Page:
And now He dismisses her with words of gracious encouragement : • Daughter, be of good comfort; thy faith hath made thee whole'' (Luke vii. 50 ; xvii. 19; xviii. 42). Her faith had made her whole, and Christ's virtue had made her whole. Not otherwise we say that we are justified by faith, and justified by Christ ; faith not being itself the blessing; but the organ by which the blessing is received; the right hand of the soul, which lays hold on Him and on his righteousness. "Go in peace;' this is not merely, “Go with a blessing,' but, ‘Enter into peace, as the future element in which thy life shall move ;—and be whole of thy plague, -which promise was fulfilled to her; for the woman was made whole from that hour.'
Theophylact traces a mystical meaning in this miracle. The complaint of this woman represents the ever-flowing fountain of sin; the physicians under whom she was nothing bettered, the world's prophets and sages, who, with all their medicines, their systems and their philosophies, prevailed nothing to stanch that fountain of evil in man's heart. To touch Christ's garment is to believe in his Incarnation, wherein He, first touching us, enabled us also to touch Him: and on this that healing, which in all those other things had been vainly sought, follows at once. And if we keep in mind how her uncleanness separated her off as one impure, we shall have here an exact picture of the sinner, drawing nigh to the throne of grace, but out of the sense of his impurity
her fault lying in this, that she sought as a furtum, what she should have claimed openly: and no less St. Bernard (De Divers. Serm. xcix.), when he makes her the figure of those who would do good hiddenly, avoiding all human applause : Sunt alii qui nonnulla bona occulte faciunt, sed tamen furari (regnum cælorum] dicuntur, quia laudem humanam vitantes, solo divino testimonio contenti sunt. Horum figuram tenuit mulier in Evangelio, &c. Rather she is the figure of those who would get good hiddenly, and without an open profession of their faith, who believe in their hearts, but shrink from confessing with their lips, that Jesus Christ is Lord, forgetting that both are needful (Rom. x. 9).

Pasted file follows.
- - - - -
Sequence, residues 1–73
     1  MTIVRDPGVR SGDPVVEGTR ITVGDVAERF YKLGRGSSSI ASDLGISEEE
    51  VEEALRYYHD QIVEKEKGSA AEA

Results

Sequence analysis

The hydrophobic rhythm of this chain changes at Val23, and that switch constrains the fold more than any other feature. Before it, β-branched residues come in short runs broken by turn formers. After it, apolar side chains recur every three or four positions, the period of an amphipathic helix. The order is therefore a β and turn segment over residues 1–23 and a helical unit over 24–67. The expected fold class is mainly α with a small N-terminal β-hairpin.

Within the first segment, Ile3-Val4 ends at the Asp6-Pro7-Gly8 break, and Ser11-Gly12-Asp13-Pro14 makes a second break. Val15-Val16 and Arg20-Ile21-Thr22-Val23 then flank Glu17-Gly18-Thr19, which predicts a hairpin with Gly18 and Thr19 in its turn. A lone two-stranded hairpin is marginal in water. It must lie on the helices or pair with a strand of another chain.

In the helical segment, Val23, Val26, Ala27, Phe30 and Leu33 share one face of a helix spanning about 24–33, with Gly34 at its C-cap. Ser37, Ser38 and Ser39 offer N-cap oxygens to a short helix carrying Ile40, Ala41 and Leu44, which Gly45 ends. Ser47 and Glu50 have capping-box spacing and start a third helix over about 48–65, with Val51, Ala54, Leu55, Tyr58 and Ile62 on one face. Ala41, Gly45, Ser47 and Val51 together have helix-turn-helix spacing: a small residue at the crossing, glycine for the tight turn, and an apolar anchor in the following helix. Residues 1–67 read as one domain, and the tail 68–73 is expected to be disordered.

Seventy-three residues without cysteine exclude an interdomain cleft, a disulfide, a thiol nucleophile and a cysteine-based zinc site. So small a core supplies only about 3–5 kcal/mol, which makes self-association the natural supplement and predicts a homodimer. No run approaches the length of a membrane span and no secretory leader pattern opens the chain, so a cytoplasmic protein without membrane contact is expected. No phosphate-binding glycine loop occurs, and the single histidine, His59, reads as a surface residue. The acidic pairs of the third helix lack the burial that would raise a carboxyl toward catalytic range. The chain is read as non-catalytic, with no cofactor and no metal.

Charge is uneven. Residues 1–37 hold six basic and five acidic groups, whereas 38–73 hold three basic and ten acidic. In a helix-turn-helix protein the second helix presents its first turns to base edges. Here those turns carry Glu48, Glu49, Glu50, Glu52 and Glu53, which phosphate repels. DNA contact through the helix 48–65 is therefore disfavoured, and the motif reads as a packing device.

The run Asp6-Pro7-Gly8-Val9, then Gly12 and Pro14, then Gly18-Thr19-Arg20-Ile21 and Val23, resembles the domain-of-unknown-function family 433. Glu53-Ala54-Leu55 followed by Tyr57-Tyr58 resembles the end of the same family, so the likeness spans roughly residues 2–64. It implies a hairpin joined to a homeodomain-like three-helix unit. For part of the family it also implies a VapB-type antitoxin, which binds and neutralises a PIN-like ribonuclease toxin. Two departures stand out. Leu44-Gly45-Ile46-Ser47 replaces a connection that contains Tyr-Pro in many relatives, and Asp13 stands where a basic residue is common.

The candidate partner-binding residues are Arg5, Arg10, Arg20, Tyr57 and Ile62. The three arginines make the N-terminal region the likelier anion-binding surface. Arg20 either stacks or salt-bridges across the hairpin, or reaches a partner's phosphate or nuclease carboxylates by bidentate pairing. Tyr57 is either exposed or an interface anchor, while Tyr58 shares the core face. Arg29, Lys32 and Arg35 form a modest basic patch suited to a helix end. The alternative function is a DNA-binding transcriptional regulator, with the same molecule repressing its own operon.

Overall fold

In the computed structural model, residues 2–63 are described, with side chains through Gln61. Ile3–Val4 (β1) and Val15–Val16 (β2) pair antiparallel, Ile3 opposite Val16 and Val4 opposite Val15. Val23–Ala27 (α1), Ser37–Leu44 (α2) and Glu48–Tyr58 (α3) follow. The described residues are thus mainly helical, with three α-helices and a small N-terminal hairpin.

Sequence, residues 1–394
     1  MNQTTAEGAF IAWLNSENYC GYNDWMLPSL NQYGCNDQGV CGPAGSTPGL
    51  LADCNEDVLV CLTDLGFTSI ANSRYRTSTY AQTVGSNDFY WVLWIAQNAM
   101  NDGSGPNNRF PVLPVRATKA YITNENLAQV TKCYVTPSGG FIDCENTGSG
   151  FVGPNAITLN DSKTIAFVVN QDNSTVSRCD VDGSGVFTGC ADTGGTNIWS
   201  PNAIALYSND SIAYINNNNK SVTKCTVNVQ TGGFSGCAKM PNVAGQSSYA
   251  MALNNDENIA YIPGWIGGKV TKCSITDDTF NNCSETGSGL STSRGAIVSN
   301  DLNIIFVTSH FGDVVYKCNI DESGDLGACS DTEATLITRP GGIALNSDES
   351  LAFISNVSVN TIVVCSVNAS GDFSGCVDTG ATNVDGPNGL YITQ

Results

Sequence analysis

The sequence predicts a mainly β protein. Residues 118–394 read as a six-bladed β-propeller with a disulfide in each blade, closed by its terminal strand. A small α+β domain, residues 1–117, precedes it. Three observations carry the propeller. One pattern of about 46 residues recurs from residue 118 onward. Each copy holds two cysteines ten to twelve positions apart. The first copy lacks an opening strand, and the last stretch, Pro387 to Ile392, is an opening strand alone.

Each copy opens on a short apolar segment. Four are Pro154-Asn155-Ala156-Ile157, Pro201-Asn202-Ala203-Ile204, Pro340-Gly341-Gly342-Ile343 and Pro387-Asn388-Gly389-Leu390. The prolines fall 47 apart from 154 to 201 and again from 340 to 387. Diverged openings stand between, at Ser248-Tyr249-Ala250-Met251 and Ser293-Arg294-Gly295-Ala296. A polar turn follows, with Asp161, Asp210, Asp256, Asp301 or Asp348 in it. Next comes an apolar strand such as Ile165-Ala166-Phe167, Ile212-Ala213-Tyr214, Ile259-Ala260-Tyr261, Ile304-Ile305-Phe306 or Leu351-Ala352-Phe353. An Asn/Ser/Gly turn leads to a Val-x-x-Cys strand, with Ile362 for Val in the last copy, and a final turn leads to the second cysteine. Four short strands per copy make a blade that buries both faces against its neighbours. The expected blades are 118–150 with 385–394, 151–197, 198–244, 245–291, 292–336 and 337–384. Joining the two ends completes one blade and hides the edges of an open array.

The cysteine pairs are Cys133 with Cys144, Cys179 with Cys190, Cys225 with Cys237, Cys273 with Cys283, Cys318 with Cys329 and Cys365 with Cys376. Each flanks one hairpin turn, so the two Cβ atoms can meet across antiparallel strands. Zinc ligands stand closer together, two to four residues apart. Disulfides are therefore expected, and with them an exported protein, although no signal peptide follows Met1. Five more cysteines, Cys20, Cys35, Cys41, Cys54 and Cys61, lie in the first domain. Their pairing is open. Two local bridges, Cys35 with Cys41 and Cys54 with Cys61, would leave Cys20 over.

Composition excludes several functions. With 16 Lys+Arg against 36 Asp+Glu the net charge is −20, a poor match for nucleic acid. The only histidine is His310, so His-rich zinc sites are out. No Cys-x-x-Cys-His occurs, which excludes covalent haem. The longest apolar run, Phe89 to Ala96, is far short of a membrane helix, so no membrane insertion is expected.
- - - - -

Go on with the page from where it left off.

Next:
1 Tertullian, Adv. Marc. iv. 20.
? Her faith, ópyavikws, Christ's virtue, évepyntikūG. This, as the causa efficiens; that, as the conditio sine quâ non.
not with boldness,' rather with fear and trembling, hardly knowing what there he shall expect; but who is welcomed there, and, all his carnal doubtings and questionings at once chidden and expelled, dismissed with the word of an abiding peace resting upon him.
W recorded (Matt. xii. 22 ; xx. 30; xxi. 14; John ix.) or 8. THE OPENING OF THE EYES OF TWO BLIND
IN THE HOUSE.
Matt, ix. 27–31. E have here the first of those many healings of the blind alluded to (Matt. xi. 5) in the Gospels; each of them a literal fulfilment of that prophetic word of Isaiah, concerning the days of Messiah : “Then the eyes of the blind shall be opened' (xxxv. 5). Frequent as these miracles are, they yet will none of them be found without distinguishing features of
That they should be so numerous is nothing wonderful, whether we regard the fact from a natural or a spiritual point of view. Regarded naturally, they need not surprise us, if we keep in mind how far commoner a calamity is blindness in the East than with us. Regarded from a spiritual point of view, we have only to remember
For this there are many causes. The dust and flying sand, pulverized and reduced to minutest particles, enters the eyes, causing inflammations which, being neglected, end frequently in total loss of sight. The sleeping in the open air, on the roofs of the houses, and the consequent exposure of the eyes to the noxious nightly dews, is another source of this malady. A modern traveller calculates that there are four thousand blind in Cairo alone ; and Palgrave, writing of the diseases of Arabia (Journey through Arabia, vol. ii. p. 34) has these observations : ‘Ophthalmia is fearfully prevalent, and goes on unchecked in many instances to the worst results. It would be no exaggeration to say that one adult out of every five has his eyes more or less damaged by the consequences of this disease.' In Syria, it is true, the proportion of not at all so great, yet there also the calamity is far commoner than in western lands ; so that we find humane regulations concerning the blind, as concerning a class, in the Law (Lev. xix. 14; Deut. xxvii. 18).